With a new $11 million grant from the National Institutes of Health, West Virginia University has become just the second university in the country to receive funding for a visual-sciences Center of Biomedical Research Excellence. 

The COBRE grant will help WVU develop innovative ways to prevent, treat and slow the progression of vision problems that are currently incurable. That’s especially important for West Virginia, which has the second-highest rate of visual disability in the U.S.

“My goal is to use this funding mechanism to propel WVU and vision sciences in reducing visual disparities in our state,” said Visvanathan Ramamurthy, the COBRE’s principal investigator. “West Virginia has the second highest rate of visual disability in the whole country. By ‘visual disability,’ I mean something that you cannot treat with corrective glasses.”

The $11 million was awarded by the National Institute of General Medical Sciences, a program of the NIH. 

The COBRE will help WVU recruit researchers and clinician-scientists who can work together to develop innovative ways to prevent, treat and slow the progression of vision problems and blinding eye disease that are currently incurable.

Working as a group to help the individual

“Visual impairment is a terrifying prospect, particularly for a child or their parents and the elderly,” said Ramamurthy, WVU’s research director of ophthalmology, chairman of the Department of Biochemistry and professor in the Department of Ophthalmology and Visual Sciences. “Also, if you think about it, a lot of us lose vision as we get older. If you are slowly losing vision from age-related macular degeneration—or so many other things—the cumulative effect is quite pronounced. For example, challenges with vision are associated with an increase in falls. While changes in vision do not shorten your lifespan, there is a definite impact on overall health and well-being.”

Three researchers have been competitively chosen to lead the COBRE’s projects: Sadie Bergeron, assistant professor in the Department of BiologyMichael Robichaux, assistant professor with the Department of Ophthalmology and Visual Sciences; and Joel Palko, assistant professor and clinical faculty member with the Department of Ophthalmology and Visual Sciences.

Their collective experience encompasses conducting laboratory experiments and seeing patients.

“The idea is to think collaboratively,” Ramamurthy said. “How can we make change? How can we translate our basic science findings to clinical practice that helps people? And how can we learn what’s happening in the community? That’s a connection we want to make.”

“The combination of clinician and basic scientists, along with cutting-edge technology that will be enabled by the NIGMS support, positions the team to have real impact,” said Laura Gibson, senior associate vice president for research and graduate education for WVU Health Sciences. “Importantly, the benefit is also felt by the outstanding graduate students who will be engaged in projects across various COBRE-supported labs. This COBRE lands at the perfect intersection of problems that need solved and a diverse scientific community that is ready to take them on together.”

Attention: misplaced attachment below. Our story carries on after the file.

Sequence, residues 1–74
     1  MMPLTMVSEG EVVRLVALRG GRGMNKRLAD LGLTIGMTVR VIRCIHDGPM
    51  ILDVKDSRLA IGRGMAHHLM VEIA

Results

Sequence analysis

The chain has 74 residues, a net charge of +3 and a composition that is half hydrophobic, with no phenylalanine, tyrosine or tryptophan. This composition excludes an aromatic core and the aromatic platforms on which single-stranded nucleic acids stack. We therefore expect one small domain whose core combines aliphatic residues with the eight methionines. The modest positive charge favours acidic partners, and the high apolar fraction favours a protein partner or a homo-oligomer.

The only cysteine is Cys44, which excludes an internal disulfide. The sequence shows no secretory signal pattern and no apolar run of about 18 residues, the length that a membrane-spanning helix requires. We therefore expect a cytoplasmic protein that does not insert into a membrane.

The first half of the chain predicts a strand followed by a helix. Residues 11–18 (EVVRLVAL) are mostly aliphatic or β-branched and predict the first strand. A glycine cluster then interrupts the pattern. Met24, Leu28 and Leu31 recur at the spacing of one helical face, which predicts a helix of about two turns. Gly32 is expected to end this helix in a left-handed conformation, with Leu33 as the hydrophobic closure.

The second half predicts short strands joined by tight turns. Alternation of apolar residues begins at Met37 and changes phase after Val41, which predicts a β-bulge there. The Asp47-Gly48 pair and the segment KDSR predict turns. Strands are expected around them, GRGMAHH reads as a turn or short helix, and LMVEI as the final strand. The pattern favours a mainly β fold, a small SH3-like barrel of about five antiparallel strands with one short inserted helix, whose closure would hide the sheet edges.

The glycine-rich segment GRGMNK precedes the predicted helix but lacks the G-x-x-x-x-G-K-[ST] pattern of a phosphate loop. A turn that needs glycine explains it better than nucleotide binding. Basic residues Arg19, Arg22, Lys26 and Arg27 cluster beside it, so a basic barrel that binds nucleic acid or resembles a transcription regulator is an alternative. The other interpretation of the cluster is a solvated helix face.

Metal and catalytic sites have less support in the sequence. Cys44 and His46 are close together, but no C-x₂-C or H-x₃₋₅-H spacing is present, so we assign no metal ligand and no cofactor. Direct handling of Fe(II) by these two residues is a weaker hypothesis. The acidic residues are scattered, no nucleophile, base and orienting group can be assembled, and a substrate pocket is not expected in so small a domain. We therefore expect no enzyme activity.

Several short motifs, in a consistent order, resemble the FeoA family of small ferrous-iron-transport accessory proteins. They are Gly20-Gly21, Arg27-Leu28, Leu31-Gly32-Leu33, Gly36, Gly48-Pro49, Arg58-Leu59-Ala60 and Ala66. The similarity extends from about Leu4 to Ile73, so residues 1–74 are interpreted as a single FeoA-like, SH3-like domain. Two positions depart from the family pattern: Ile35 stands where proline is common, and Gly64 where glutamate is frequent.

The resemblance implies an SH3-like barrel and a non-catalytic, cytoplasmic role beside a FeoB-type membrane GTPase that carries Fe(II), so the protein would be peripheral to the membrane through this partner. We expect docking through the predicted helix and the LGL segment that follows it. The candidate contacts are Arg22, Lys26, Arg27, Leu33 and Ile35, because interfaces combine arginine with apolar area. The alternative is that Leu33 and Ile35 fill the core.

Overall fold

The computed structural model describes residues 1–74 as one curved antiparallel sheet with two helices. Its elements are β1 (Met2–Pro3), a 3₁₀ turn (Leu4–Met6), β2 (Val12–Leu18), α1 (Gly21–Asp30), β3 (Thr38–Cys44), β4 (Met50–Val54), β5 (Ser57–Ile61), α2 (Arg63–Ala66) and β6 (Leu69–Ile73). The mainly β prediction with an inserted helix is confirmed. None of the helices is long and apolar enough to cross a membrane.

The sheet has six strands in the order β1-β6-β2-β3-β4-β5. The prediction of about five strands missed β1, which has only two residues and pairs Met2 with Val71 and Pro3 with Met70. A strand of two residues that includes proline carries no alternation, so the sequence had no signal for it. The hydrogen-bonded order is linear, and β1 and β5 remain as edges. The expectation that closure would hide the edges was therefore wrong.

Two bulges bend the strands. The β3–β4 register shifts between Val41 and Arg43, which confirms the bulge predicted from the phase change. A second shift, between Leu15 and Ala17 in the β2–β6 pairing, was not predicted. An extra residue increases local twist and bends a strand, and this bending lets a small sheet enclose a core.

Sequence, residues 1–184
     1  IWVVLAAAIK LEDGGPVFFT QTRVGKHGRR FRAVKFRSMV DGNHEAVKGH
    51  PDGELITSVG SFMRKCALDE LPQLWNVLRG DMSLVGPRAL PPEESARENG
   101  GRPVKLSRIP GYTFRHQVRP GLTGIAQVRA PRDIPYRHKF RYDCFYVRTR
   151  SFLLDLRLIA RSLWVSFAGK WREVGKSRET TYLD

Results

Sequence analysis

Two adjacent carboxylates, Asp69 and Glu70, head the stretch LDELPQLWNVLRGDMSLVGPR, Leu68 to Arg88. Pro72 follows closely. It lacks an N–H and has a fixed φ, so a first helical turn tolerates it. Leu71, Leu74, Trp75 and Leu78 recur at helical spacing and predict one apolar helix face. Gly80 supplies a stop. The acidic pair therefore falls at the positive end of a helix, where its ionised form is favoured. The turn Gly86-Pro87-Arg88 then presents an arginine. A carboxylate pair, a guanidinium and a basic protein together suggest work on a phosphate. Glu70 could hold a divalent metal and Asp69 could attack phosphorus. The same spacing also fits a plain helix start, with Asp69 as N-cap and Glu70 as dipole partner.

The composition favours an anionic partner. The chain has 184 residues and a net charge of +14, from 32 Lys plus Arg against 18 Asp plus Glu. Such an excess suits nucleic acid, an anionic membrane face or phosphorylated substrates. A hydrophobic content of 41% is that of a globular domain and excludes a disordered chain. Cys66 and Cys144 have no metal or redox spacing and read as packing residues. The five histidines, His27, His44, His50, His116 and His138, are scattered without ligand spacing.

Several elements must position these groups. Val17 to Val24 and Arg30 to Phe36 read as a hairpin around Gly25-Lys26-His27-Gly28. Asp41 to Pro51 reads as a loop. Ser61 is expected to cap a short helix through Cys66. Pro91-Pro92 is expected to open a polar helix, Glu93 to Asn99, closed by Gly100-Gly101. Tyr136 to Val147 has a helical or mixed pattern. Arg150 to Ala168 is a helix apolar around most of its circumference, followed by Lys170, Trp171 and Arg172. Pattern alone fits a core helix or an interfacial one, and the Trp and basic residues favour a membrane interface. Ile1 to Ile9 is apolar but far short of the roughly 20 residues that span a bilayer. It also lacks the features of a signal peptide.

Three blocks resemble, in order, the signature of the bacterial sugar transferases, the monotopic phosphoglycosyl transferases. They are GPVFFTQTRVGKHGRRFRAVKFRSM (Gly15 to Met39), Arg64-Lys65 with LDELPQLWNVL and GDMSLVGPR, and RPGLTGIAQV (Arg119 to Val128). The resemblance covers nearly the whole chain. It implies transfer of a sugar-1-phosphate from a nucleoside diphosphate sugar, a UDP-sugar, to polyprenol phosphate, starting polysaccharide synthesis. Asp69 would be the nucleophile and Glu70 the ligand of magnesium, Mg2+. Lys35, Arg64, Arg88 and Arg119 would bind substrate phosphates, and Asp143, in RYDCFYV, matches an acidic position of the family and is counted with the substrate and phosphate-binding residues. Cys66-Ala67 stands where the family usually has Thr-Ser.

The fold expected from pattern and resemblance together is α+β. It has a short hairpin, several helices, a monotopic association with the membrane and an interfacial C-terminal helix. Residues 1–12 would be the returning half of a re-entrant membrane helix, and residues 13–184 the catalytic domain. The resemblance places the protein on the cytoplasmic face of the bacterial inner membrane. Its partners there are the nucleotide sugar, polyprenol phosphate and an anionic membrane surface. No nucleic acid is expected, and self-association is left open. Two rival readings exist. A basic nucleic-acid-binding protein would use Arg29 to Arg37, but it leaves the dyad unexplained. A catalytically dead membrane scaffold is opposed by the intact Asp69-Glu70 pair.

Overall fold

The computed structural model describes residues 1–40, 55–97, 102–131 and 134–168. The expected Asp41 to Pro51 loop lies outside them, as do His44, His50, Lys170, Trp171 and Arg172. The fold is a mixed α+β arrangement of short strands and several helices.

The project leaders who get COBRE support will receive three years of mentorship from senior scientists and experts around the country, who will mentor them toward independence. 

Undergraduate students will benefit from this NIGMS investment, as well. Eight of them will participate in a vision science research program each summer and be exposed to breakthrough science focused on understanding the mechanisms behind blinding diseases.

A ‘broader solution’ for vision problems

Is education—or a lack thereof—one of the reasons for West Virginia’s disparity in visual disability? What role does the state’s high incidence of diabetes play in the problem? What about the state’s widespread poverty, or the large percentage of its population that’s 65 or older?

Scientists don’t yet know the answers to these and similar questions. The COBRE, however, could help them find out.

“How can we reduce that visual disparity that we see in the state, and what could be the reasons for it?” Ramamurthy said. “There are some obvious things we can think about, but we need to better understand the contribution of suboptimal access and the response to current treatments. We don’t fully understand this health disparity, but we need to think about the complex combination of factors that may be important.” 

What Ramamurthy, his colleagues and his students discover could have ramifications across—and beyond—West Virginia. 

“There are a lot of places around the world that have vision problems that exceed those that we have in West Virginia,” he said. “What we learn here in West Virginia is applicable to them, too. It’s good in Kentucky. It’s good in India. It’s good worldwide. We want to part of a broader solution.” 

“Visual loss and blindness are a harsh reality for many people in our state and worldwide,” said Dr. Thomas Mauger, who chairs the Department of Ophthalmology and Visual Sciences. “Our clinicians care for these patients every day and are excited about the opportunity to collaborate with our research colleagues to find new treatments for blinding eye diseases such as retinitis pigmentosa, glaucoma, diabetic retinopathy, macular degeneration among others.”

Research reported in this publication was supported by National Institute of General Medical Sciences of the National Institutes of Health under Award Number 1P20GM144230-01. The content is solely the responsibility of the authors and does not necessarily represent the official views of NIH.

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